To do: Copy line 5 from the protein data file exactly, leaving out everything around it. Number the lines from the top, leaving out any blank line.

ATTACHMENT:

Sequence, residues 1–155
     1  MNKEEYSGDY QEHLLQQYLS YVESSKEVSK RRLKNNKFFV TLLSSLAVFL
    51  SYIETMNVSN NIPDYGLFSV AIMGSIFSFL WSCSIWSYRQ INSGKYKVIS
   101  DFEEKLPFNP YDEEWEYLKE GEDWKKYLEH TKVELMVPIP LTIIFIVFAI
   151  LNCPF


   151  LNCPF